Every year, as Americans, we recognize a variety of holidays, secular and religious, that provide an opportunity to reflect or celebrate a person, an event or a time of historic significance. Sadly, one particular “holiday” is seldom acknowledged or celebrated. I refer to International Literacy Day, which appeared on calendars almost 50 years ago but still passes almost unrecognized today. It is always held on Sept. 8.
International Literacy Day, as proclaimed by UNESCO, was first celebrated in 1966. The aim was to highlight the importance of literacy to individuals, communities and societies. Each succeeding year, International Literacy Day reminds the international community of the status of literacy and adult learning globally.
Literacy has been defined by ProLiteracy America as the ability to read, write, compute and use technology at a level that enables an individual to reach his or her full potential as a parent, employee and community member.
Yet, literacy is in a sorry state. Some 775 million adults around the world lack minimum literacy skills; one in five adults is still not literate and two-thirds of them are women. More than 60 million children are categorized as “out of school” and therefore not being taught to read and write. Many more children attend schools irregularly or drop out.
The U.S. ranks fifth on adult literacy skills when compared to other industrialized nations.
Low literacy can be connected to almost every socio-economic issue in America.
According to 2012 census data, Collier County has a population of 332,427. Of that number, 30.9 percent people speak a language other than English in their homes, and 26.2 percent of the population is Hispanic or Latino.
So, what is being done locally about literacy and do we have anything to celebrate? We certainly do. For 30 years, Literacy Volunteers of Collier County (LVCC) has been teaching people to read, write and speak English. Our mission continues unabated today with the majority of our work centered on teaching English as a second language.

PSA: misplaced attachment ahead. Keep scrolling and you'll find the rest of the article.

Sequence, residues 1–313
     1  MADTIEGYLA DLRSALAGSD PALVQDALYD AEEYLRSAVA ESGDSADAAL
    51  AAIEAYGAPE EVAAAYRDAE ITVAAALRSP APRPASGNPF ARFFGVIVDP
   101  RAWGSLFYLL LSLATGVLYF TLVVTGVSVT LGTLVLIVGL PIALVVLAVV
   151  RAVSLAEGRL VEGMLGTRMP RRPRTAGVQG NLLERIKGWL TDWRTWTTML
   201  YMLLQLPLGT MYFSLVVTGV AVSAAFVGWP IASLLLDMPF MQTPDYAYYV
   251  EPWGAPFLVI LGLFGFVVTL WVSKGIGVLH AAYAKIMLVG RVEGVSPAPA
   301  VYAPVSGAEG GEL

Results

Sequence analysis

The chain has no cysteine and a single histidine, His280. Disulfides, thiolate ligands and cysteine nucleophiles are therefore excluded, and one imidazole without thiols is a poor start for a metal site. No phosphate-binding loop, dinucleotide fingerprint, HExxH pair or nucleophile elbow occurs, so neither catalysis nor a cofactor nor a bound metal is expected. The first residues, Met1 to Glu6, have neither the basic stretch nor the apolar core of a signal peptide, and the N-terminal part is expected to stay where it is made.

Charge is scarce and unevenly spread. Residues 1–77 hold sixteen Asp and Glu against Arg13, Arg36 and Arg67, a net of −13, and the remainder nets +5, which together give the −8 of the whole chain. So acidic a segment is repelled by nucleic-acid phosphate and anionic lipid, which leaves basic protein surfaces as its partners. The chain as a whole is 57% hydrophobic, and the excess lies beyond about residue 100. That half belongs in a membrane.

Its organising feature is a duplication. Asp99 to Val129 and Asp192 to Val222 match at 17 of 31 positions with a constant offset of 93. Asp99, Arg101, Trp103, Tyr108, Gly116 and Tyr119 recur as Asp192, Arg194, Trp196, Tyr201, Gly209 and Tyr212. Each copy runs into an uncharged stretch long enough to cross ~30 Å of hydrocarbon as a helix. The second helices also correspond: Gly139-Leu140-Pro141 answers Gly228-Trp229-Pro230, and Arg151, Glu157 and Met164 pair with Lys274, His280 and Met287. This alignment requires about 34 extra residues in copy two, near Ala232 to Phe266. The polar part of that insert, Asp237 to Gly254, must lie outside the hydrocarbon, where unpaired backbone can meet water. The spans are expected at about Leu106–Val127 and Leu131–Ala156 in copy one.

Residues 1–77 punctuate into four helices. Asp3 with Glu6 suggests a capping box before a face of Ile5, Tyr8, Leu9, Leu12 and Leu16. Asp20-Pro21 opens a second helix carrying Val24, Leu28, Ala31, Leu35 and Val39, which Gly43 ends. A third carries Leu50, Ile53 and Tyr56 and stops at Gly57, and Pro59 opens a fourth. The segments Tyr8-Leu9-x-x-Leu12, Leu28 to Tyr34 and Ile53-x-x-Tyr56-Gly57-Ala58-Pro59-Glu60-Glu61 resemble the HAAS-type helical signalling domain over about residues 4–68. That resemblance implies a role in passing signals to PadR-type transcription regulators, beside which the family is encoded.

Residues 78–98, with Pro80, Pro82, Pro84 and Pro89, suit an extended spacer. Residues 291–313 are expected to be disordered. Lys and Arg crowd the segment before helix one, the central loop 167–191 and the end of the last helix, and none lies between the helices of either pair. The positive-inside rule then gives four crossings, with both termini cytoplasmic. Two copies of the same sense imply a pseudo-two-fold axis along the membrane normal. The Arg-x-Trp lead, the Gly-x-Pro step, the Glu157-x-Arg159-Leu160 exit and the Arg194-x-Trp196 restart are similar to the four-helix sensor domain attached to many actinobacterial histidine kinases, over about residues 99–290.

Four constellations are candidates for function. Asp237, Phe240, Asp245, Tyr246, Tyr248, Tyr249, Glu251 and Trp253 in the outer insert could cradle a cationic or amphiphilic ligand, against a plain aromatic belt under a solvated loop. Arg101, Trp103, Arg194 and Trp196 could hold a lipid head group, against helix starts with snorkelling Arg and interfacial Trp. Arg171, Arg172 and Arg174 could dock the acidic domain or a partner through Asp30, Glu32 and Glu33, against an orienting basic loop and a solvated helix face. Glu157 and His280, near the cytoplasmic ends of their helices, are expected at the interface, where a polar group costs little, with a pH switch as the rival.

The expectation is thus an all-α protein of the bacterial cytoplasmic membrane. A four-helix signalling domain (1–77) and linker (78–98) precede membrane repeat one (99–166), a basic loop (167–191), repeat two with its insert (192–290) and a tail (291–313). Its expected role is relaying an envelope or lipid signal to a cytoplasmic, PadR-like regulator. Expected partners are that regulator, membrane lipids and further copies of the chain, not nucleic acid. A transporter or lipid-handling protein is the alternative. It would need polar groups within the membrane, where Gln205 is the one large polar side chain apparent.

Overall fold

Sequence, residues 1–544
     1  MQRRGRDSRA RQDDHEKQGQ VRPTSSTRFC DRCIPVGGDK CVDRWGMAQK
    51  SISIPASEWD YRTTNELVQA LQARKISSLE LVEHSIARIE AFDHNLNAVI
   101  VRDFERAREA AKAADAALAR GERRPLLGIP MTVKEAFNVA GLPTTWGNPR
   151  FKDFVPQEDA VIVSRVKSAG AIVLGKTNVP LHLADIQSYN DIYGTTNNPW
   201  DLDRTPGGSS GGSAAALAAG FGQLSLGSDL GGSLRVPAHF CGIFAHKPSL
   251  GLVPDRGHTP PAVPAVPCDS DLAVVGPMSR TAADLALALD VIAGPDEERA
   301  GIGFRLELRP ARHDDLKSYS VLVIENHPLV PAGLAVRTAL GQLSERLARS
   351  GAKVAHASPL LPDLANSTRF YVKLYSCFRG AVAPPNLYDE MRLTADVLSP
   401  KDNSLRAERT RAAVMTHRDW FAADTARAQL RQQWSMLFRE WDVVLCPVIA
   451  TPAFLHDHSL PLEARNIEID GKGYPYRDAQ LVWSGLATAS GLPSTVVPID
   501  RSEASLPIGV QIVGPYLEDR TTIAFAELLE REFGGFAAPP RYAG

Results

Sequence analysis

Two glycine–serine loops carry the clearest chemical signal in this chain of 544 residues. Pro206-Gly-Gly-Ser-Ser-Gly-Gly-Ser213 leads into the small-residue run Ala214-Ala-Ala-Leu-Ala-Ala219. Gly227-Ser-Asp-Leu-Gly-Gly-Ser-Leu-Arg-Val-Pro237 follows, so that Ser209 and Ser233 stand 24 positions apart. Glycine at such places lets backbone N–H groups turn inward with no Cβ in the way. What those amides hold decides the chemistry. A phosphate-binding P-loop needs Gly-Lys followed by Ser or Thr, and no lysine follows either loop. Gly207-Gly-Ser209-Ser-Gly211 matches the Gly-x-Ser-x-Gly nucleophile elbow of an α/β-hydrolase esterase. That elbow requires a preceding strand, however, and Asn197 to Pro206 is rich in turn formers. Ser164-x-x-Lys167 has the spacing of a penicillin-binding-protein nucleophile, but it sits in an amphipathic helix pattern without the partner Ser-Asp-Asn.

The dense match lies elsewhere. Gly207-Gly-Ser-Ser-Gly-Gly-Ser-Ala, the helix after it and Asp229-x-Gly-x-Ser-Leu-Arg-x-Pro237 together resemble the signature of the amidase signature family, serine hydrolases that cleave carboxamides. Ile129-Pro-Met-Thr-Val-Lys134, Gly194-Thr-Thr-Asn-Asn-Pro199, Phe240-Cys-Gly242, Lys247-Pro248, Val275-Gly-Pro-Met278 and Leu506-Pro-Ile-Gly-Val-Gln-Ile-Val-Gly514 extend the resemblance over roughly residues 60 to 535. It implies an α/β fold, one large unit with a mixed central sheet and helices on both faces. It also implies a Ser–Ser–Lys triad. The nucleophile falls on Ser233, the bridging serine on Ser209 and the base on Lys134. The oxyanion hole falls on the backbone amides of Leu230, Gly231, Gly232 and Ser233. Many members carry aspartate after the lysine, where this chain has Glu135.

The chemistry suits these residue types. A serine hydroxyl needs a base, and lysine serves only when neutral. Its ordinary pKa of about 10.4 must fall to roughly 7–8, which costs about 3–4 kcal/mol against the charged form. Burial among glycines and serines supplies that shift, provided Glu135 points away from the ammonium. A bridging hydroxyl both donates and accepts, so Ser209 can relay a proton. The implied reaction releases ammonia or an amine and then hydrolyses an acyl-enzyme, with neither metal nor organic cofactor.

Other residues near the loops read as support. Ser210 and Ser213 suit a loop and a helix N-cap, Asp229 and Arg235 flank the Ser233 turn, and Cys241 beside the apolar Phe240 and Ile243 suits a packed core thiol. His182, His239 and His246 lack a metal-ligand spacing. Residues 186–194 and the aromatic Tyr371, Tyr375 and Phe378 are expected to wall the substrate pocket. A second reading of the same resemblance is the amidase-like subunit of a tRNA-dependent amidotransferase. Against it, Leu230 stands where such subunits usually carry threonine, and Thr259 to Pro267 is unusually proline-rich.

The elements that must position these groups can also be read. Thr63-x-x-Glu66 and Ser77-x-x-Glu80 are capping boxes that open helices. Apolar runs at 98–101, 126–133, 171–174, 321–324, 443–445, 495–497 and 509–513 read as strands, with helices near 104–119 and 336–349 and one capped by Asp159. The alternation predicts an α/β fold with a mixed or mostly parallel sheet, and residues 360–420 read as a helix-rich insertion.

At any one time we have more than 100 volunteer tutors, trained to our standards, working with hundreds of adult learners. In prior years, our tutors worked with a largely Hispanic population, but now the percentage has changed: almost 55 percent of the students on our waiting list are Haitian, and 40 percent Hispanic/Latino.
To extend our reach to very early learners, we introduced a Family Literacy program two years ago, teaching English to prekindergarten children at Parkside Elementary School, where over 86 percent of the children come from homes where English is not spoken, and at Golden Gate Elementary School, where the numbers are similar. At these sessions, LVCC tutors also instruct the parents of the pre-K children. It has been such a successful effort that more elementary schools are asking LVCC for similar help — a definite cause for celebration.
LVCC’s impact would be even more vital if we could recruit, train and retain more volunteer tutors. Each year our training workshops give volunteers the opportunity to join our ranks. No knowledge of a second language or experience as a teacher is required. Recently we graduated 20 new volunteers to teach English in Collier County. If readers are interested in having a cause for celebrating literacy, then they would enjoy participating in LVCC’s next tutor training session starting on Oct. 3.
Call LVCC at 239-262-4448, ext. 304, for registration information, or visit LVCC’s website: www.Collierliteracy.org
Our celebration of literacy is, of course, ongoing as LVCC reaches and teaches more families and more people to read, write and speak English. How rewarding it would be if Sept. 8 were recognized every year throughout Collier County, and not just by those who are working on the front lines to change people’s lives through literacy.